Wednesday, March 23, 2011

When Milk Turns to Water

Yes, I'm "still" nursing Zon at 29 months. 



Whether you have nursed a child or not, and nursed past infancy or not, you most likely can still recall a few myths, such as:

After 6 months, your milk turns to water.
Nursing a toddler is sexual.
You can’t nurse them too long or they’ll be dependent.

Nursing past 6 months or 1 year is actually the norm for the rest of the world. It has only been in the past half century, primarily in America, that we stopped providing adequate nourishment for our toddlers and young children.

This article provides an excellent summary with cited research on why “extended” nursing is normal and healthy:
http://www.kellymom.com/bf/bfextended/ebf-benefits.html

And now, here is a guest post on the topic by Dr Thomas:

”I think if you nurse for a year, someone should throw a party for you.  The best I've been able to do is give out shirts. (http://bfmed.wordpress.com/2010/05/13/celebrating-the-journey/)  I've given out more shirts than I can count now and I have a (now not-so-current) recognition list of "one year" dyads on my website. ( http://www.drjen4kids.com/breastfeeding/wall%20of%20fame.htm)

So, with all these moms in my practice reaching the one-year goal, I decided to do something to recognize those mothers who continued to breastfeed to 18 months.  Those wonderful moms, who took the shirt and congratulations at a year said, "No thank you" when I offered at 18 months. They didn't want people to know.  They nursed past one year, but they didn't want public acknowledgement. They were "closet" nursers and ok with it.  

The one-year visit is also an opportunity to talk about the benefits of continuing to nurse after a year.  I'm going to try not to call it "extended breastfeeding" since that reveals a cultural bias that exists where I live, but maybe not where you live. Worldwide, nursing two to four years is simply normal, not extended.

And before cultural biases interrupt the discussion, the AAP policy statement on "Breastfeeding and the Use of Human Milk" says that there is, “…no upper limit to the duration of breastfeeding and no evidence of psychologic or developmental harm from breastfeeding into the third year of life or longer."

So what happens at a year? Well, according to popular belief, as your beautiful breastfed child is sleeping the evening before their first birthday, their world gets rocked: the next day, they will discover that milk serves no purpose. We have found a cow that makes better milk than mom.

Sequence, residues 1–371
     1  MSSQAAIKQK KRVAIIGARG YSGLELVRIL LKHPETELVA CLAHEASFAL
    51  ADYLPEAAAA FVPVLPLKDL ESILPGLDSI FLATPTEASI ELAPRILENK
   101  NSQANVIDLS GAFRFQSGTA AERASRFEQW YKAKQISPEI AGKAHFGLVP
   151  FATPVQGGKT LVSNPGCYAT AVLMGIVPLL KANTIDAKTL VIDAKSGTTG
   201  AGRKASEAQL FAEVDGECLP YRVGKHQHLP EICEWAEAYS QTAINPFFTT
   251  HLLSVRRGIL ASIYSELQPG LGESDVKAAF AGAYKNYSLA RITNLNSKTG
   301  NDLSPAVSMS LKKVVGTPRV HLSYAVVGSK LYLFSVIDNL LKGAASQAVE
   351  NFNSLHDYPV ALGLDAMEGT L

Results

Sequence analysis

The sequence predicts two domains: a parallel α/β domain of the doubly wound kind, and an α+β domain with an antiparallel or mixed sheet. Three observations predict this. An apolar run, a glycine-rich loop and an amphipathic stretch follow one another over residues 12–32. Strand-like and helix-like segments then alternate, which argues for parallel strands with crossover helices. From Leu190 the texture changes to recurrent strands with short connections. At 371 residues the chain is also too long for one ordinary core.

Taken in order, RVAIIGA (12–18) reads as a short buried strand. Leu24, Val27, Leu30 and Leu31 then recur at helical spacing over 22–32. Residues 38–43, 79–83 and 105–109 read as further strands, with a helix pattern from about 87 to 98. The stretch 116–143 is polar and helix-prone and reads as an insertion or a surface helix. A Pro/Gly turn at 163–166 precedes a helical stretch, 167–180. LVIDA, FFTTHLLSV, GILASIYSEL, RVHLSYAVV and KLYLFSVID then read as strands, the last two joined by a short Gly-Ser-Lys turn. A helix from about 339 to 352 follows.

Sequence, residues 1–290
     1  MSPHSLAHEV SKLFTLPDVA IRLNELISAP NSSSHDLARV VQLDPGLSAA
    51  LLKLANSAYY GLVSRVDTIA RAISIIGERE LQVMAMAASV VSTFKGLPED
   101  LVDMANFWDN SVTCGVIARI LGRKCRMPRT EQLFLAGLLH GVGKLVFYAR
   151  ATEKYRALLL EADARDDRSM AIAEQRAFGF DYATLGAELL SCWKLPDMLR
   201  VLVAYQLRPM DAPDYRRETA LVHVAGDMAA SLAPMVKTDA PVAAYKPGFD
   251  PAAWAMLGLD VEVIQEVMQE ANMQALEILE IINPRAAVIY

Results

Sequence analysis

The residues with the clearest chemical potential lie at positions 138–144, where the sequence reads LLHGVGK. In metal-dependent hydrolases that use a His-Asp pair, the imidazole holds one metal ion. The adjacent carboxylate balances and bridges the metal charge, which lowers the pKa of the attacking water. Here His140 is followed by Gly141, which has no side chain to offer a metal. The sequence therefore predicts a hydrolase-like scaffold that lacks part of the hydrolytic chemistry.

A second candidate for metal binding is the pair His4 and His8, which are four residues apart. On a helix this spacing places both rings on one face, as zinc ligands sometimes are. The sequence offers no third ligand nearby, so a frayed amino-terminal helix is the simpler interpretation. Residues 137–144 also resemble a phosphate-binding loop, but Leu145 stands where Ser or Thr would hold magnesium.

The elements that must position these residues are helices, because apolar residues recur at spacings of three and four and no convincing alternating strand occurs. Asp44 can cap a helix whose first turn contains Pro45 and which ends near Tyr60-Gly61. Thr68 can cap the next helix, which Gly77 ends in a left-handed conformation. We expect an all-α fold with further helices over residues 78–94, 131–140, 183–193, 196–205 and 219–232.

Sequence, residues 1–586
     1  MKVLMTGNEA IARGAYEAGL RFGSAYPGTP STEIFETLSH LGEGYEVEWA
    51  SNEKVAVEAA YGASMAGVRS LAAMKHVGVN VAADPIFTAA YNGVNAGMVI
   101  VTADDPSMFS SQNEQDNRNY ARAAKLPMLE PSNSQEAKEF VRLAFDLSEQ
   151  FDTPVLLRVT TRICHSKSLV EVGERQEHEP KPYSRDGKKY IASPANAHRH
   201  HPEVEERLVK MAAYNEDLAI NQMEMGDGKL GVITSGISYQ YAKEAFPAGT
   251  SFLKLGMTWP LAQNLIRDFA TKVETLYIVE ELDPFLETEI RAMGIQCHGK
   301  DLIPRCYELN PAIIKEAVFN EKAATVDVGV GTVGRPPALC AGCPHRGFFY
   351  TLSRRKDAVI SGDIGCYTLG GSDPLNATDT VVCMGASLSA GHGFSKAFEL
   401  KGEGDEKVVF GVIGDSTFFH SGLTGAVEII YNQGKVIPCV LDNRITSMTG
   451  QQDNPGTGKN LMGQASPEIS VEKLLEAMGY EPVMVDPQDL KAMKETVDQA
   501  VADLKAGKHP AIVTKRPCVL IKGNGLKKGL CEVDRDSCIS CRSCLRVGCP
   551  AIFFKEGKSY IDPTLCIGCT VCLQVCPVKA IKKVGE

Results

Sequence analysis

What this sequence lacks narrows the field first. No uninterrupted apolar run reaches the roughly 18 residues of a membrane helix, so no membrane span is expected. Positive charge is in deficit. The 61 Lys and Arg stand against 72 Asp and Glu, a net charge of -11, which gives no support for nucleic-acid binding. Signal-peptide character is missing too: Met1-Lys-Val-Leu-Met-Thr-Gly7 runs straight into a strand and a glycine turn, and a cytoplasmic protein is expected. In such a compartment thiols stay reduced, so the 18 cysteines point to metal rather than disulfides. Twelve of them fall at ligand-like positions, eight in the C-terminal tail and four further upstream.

How do you make a non-verbal one year old understand that? They are counting on that same warmth, expression of love and wonderful nutrition that they got the day before. What's magic about that 366th day of their life?

Now really, I know that doesn't make sense and the one year old is probably confused, but I know some wonderful women who believe that even if they are continuing to nurse, that the child still needs supplemental cow's milk "to get enough nutrients."  

I may live in America's Dairyland where we wear cheeseheads in public, but cow's milk is for cows.  And since I'm usually having this conversation at a well visit, with the child right there, I can do a reasonable job of convincing the family that my physical exam suggests that their child is not a cow.

The infection fighting properties of milk are still present; lysozyme, lactoferrin and secretory IgA are present in stable amounts. There are smaller levels of protein, calcium and long chain fatty acids when compared to the milk of a 3 month old, but we're aren't talking about a 3 month old, who is only getting milk. Our toddler is getting complementary foods.  And we know that moms who nurse longer lower their risk of breast cancer.

I get it.  Many people, including most healthcare providers, don't understand why you'd want to nurse for more than a year.  But they aren't the ones trying to calm a screaming 15 month old.  I'm just saying- if I had to pick between the crying kid I need to distract and make happy somehow and the crying child who I can nurse and calm and get to smile in about 5 minutes, I'm picking the latter.

Someday, I'll be able to do something for my friends, those wonderful closet nursers, and I'll know we're making progress in my little slice of the world. Maybe then we can convince the rest of our country that nursing a toddler is normal.”

Jenny Thomas, MD, IBCLC, FAAP, FABM

6 comments:

  1. Awesome Pediatrician! I may have to drive to WI. ;)

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  2. I remember nursing my son on the bus when he was almost 2 years old, nobody even looked at us. I can't believe any woman would feel the need to hide nursing a baby. I love seeing older babies and toddlers nursing because it is NORMAL~

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  3. Here's the link for easy sharing: http://www.drjen4kids.com/soap%20box/turnstowater.htm

    Thanks for the guest post spot! Jenny Thomas

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  4. I remember my step MIL commenting that it was time to wean my youngest when her turned about a year old. I said, that I would do that but I think he would be jealous that his older brother (who was 2.5 years old at the time) was getting Booby and he wasn't. The stunned look on her face as she said, "Oh you're still nursing [the toddler]?" was priceless.

    Now they are over three and 19 months old and still going strong.

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